Gartner: Apple Mac third in U.S. PC market with 10.8% share in Q114

Worldwide PC shipments totaled 76.6 million units in the first quarter of 2014, a 1.7 percent decline from the first quarter of 2013, according to preliminary results by Gartner. The severity of the decline eased compared with the past seven quarters.

“The end of XP support by Microsoft on April 8 has played a role in the easing decline of PC shipments,” said Mikako Kitagawa, principal analyst at Gartner, in a staement. “All regions indicated a positive effect since the end of XP support stimulated the PC refresh of XP systems. Professional desktops, in particular, showed strength in the quarter. Among key countries, Japan was greatly affected by the end of XP support, registering a 35 percent year-over-year increase in PC shipments. The growth was also boosted by sales tax change. We expect the impact of XP migration worldwide to continue throughout 2014.”

“While the PC market remains weak, it is showing signs of improvement compared to last year. The PC professional market generally improved in regions such as EMEA. The U.S. saw the gradual recovery of PC spending as the impact of tablets faded.” Ms. Kitagawa said.

The PC market continued to be tough for many vendors. Economies of scale matter tremendously in this high-volume, low-profit market, which is forcing some vendors, such as Sony, out of the market. In contrast, all of the top five vendors, except Acer, registered year-over-year shipment growth. The top thee vendors — Lenovo, HP and Dell — have all confirmed the importance of the PC business as part of their overall business strategies.

Lenovo experienced the strongest growth among the top five vendors. Its shipments grew 10.9 percent (see Table 1), and Lenovo extended its position as the worldwide leader. The company’s shipments grew in all regions except Asia/Pacific, where growth in China has been problematic. Overall, the China market again slowed, in part due to the long holiday in the middle of the quarter.

Table 1: Preliminary Worldwide PC Vendor Unit Shipment Estimates for 1Q14 (Units)
Gartner: Preliminary Worldwide PC Vendor Unit Shipment Estimates for 1Q14 (Units)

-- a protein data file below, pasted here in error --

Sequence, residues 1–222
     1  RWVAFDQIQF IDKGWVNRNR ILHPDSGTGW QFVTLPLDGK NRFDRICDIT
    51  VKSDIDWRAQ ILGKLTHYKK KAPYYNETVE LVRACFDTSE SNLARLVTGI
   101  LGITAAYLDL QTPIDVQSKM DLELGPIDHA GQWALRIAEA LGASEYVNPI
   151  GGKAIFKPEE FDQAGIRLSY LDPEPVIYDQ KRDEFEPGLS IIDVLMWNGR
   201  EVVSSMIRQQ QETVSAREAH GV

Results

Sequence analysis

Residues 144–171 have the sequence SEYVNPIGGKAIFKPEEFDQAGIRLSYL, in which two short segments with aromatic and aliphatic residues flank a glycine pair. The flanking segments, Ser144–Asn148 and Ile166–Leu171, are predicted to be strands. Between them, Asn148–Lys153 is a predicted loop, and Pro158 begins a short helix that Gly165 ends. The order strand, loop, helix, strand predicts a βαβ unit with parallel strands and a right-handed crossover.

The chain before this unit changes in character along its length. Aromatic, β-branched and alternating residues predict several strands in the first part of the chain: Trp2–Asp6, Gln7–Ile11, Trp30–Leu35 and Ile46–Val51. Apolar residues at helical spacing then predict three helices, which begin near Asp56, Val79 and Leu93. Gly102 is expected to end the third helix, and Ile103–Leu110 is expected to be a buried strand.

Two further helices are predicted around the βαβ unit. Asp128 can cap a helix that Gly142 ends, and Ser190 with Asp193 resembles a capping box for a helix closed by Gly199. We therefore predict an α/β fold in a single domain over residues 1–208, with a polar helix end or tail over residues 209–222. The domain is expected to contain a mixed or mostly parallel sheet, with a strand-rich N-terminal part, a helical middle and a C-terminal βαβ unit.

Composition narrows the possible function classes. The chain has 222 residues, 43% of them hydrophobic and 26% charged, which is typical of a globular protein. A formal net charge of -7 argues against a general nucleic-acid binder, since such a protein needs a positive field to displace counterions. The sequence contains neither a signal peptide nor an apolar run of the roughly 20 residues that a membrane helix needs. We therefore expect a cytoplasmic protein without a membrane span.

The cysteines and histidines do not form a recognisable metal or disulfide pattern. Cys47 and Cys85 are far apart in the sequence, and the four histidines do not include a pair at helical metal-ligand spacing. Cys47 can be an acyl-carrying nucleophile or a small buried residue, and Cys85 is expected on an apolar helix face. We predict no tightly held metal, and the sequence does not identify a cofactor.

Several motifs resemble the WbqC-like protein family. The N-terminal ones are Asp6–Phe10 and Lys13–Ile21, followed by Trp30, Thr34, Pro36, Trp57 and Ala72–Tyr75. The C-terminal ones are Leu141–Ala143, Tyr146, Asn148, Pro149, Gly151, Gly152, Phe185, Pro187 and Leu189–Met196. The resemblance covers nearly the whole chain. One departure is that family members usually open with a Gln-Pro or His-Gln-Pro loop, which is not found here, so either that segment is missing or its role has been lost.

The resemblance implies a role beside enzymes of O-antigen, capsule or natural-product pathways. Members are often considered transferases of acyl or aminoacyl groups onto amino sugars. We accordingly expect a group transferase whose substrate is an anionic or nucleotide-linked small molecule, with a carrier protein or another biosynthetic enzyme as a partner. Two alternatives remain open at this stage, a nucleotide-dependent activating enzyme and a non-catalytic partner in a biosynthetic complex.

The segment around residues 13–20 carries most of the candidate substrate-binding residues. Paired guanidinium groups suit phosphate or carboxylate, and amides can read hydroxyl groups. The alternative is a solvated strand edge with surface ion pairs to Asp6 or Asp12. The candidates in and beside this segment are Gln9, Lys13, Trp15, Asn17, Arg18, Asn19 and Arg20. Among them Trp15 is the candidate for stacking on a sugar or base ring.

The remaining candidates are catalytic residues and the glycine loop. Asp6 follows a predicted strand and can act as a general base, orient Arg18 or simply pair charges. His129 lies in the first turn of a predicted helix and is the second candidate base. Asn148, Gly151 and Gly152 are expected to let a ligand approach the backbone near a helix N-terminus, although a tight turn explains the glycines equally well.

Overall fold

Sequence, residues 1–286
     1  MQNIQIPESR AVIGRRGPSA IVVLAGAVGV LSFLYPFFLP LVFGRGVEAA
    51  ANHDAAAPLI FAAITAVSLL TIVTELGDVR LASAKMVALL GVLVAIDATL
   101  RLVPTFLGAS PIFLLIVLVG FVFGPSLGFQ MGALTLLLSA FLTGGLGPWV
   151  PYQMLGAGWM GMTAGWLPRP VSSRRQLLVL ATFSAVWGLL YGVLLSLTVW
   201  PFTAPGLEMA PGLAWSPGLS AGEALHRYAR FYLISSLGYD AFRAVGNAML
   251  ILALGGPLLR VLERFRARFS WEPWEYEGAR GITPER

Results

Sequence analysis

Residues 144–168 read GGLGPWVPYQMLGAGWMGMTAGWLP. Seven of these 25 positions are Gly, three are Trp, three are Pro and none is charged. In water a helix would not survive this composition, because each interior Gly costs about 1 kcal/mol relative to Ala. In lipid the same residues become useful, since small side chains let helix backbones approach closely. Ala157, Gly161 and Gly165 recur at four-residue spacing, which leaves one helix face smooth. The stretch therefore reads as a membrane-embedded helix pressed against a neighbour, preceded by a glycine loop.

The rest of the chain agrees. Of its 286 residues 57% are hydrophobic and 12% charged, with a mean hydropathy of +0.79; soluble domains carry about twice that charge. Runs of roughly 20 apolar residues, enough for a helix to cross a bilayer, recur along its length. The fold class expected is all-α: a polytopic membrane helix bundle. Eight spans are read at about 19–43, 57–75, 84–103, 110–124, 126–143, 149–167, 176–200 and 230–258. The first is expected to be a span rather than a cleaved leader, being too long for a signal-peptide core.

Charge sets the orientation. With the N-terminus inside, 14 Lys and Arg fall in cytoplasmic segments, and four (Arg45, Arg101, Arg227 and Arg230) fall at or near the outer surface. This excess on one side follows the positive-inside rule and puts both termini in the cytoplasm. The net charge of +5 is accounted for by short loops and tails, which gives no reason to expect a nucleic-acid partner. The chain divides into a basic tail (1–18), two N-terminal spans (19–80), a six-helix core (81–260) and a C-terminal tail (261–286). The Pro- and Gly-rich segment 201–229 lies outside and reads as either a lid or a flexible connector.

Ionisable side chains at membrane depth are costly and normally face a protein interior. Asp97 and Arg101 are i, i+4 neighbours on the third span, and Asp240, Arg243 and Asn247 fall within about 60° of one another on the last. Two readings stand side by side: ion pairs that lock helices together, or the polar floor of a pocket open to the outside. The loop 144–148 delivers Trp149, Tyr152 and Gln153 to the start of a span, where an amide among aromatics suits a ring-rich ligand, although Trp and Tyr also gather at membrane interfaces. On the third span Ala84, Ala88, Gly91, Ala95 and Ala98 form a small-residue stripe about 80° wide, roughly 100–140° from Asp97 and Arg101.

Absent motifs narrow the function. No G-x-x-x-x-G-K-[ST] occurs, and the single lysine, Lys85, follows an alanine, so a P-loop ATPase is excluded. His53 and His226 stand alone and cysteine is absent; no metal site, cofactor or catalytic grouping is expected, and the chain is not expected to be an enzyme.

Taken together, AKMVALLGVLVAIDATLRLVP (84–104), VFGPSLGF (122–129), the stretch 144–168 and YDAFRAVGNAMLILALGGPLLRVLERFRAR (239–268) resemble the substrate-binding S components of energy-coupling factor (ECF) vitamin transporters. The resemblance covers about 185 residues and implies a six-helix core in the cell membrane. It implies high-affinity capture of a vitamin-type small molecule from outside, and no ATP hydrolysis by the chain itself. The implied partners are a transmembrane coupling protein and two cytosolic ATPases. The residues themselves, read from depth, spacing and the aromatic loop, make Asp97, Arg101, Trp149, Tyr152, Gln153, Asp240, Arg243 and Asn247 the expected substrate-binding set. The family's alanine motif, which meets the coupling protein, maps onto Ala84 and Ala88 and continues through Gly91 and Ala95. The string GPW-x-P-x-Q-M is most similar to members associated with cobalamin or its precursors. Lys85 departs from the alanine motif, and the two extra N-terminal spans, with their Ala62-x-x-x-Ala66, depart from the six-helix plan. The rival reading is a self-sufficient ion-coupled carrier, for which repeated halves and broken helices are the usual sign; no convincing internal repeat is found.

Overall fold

The share difference between Dell and HP once again narrowed compared to last quarter. In the first quarter of 2014, HP achieved its fastest shipment growth of the last two years. HP’s shipment growth in EMEA well exceeded the regional average, which improved HP’s overall growth. Dell maintained a strong position in the market. Since the completion of the leverage buyout last year, Dell has been aggressively expanding its PC business throughout the regions. The first quarter of 2014 was the third consecutive quarter of PC shipment growth for Dell, registering its highest growth since the fourth quarter of 2011.

In the U.S. market, PC shipments totaled 14.1 million units in the first quarter of 2014, a 2.1 percent increase from the same period last year (see Table 2). HP maintained the No. 1 position, as it accounted for 25 percent of PC shipments in the U.S. market. Dell and Lenovo experienced the strongest growth among the top five vendors, with growth rates of 13.2 and 16.8 percent.

“In terms of the major structural shift of the PC market, the U.S. market is ahead of other regions,” Ms. Kitagawa said. “The installed base of PCs started declining in 2013, while the worldwide installed base still grew. The U.S. PC market has been highly saturated with devices: 99 percent of households own at least one or more desktops or laptops, and more than half of them own both. While tablet penetration is expected to reach 50 percent in 2014, some consumer spending could return to PCs.”

Table 2: Preliminary U.S. PC Vendor Unit Shipment Estimates for 1Q14 (Units)
Gartner: Preliminary U.S. PC Vendor Unit Shipment Estimates for 1Q14 (Units)

The EMEA PC market saw positive growth after eight quarters of decline. Shipments in EMEA totaled 22.9 million units in the first quarter of 2014, a 0.3 percent increase from the same period last year (see Table 3). Improvements were driven by a PC refresh in the professional market from both the XP effect, and a general increase in professional spending.